The Fight Against Phragmites

The Fight Against Phragmites
July 2, 2021 Debbie Pokornik

TRCA has worked to successfully restore the habitat quality in wetlands for species at risk through the management of an invasive species known as Phragmites australis (or the common reed). Phragmites is an invasive plant that is destroying native vegetation in wetlands across Southern Ontario leading to the reduction in biodiversity and wildlife habitat. Like most invasive species, it thrives with no natural predator to control its growth and left unrestrained, it completely infests coastal wetlands and sheltered bay coastlines, threatening vital ecosystems and further endangering species at risk. Managing this invasive species benefits various species identified as at risk, threatened or of special concern including birds such as the Least Bittern, Barn Swallows, Chimney Swifts, Monarchs, and Blanding’s Turtle along with many others.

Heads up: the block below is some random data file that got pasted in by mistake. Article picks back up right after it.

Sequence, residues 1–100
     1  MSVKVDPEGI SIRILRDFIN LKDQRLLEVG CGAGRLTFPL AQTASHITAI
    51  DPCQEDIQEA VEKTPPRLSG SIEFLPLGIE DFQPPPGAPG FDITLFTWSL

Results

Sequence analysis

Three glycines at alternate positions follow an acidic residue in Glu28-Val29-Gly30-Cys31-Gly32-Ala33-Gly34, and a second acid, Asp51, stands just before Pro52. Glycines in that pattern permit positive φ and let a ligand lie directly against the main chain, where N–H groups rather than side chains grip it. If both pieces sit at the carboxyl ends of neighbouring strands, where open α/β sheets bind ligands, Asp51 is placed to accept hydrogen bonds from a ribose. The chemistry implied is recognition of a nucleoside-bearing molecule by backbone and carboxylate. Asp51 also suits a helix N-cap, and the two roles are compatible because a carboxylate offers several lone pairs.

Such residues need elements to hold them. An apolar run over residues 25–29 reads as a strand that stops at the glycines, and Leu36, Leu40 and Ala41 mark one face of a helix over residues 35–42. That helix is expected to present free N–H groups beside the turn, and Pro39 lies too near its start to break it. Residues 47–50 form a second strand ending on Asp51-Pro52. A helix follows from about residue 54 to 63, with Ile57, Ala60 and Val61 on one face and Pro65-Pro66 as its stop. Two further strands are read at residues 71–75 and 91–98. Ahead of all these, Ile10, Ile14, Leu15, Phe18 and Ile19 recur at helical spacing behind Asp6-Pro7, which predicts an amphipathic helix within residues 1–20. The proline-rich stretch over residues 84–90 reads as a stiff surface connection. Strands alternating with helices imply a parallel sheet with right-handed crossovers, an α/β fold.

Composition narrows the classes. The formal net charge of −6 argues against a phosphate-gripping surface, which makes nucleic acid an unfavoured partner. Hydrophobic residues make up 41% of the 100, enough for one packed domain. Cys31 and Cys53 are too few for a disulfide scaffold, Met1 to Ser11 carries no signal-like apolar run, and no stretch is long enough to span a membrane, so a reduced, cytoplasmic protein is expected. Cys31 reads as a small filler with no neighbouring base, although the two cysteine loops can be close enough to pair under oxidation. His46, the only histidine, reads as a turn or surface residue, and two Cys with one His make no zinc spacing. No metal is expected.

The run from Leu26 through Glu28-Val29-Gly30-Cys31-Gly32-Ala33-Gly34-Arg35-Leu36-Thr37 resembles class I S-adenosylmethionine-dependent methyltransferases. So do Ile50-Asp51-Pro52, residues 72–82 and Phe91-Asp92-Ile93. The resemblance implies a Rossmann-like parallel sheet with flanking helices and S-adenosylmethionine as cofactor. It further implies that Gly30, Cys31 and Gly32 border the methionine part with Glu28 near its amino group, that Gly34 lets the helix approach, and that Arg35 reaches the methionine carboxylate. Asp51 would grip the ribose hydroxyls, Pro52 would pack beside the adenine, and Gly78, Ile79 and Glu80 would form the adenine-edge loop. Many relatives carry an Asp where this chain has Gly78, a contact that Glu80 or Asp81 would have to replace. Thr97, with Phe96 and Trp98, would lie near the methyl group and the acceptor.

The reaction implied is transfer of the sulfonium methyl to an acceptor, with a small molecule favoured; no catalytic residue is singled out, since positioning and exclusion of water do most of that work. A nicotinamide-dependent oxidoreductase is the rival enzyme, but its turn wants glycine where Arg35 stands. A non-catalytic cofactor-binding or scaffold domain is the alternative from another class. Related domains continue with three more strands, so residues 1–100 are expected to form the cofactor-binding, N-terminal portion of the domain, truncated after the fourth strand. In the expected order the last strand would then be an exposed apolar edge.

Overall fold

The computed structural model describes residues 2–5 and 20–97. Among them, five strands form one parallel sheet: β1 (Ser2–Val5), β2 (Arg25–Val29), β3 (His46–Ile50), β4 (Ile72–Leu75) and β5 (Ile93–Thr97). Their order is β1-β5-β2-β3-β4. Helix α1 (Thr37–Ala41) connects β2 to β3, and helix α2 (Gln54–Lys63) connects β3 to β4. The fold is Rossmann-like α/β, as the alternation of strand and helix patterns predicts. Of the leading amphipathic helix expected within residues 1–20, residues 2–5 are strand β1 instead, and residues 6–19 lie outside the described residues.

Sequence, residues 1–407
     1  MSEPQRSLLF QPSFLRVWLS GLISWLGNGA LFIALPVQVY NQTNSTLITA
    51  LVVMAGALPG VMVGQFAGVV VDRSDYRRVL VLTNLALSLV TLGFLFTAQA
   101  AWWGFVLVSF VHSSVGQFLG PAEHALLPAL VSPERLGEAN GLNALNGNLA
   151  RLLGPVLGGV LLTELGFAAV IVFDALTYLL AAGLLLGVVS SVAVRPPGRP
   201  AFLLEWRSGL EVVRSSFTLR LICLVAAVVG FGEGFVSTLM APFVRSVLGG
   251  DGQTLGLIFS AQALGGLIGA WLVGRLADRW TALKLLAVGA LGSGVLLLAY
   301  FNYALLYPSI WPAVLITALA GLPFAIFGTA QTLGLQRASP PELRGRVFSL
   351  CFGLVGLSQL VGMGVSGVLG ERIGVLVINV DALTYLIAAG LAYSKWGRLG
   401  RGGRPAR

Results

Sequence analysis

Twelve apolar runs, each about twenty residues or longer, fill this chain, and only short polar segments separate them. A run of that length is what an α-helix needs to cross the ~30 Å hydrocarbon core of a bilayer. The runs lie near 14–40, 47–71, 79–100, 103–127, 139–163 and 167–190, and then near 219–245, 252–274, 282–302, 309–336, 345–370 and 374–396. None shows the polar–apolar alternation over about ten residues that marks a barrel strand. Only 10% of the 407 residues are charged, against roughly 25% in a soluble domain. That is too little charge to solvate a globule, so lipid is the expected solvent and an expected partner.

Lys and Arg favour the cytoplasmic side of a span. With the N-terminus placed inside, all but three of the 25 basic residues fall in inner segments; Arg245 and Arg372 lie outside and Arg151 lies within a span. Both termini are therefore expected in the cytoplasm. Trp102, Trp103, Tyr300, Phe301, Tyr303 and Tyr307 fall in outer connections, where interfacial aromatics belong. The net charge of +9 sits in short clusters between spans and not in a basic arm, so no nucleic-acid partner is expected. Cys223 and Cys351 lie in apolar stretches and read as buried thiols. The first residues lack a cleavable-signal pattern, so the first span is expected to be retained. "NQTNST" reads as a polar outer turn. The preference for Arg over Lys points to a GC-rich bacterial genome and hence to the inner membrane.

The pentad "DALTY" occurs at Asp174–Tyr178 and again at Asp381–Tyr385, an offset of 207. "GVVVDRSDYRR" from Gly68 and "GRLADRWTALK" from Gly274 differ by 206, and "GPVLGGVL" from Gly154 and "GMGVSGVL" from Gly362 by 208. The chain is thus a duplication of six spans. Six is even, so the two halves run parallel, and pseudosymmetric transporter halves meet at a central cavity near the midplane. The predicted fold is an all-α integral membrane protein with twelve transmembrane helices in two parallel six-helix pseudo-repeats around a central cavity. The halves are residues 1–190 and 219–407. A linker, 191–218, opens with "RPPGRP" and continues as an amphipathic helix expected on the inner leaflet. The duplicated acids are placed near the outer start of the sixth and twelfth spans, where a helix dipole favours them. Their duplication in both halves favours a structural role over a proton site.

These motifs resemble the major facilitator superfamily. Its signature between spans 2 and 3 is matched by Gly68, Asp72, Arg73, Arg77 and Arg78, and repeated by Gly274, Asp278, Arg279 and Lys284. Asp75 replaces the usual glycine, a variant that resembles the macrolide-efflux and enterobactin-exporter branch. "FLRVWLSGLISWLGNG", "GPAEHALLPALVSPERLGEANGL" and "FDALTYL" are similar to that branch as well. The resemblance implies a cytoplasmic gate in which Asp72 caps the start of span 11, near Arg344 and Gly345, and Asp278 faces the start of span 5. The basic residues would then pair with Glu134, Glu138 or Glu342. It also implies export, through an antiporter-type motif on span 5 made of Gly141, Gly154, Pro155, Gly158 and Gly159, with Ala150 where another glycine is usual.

With support from Environment and Climate Change Canada’s Great Lakes Protection Initiative, TRCA is managing phragmites at the Cell 1 and Cell 2 wetlands created at Tommy Thompson Park.  Since management began in 2018, of the presence of phragmites in these wetlands has been reduced by over 3 hectares, a decrease of 92%! That’s almost 6 football fields of restored wetlands! And the good news continues, native aquatic vegetation is returning in the Cell 1 wetland which is a promising sign for the long-term health of the wetland.  Brighter days are ahead as work continues to bring awareness to the issue and educate communities on how they can support important work such as this.

A wetland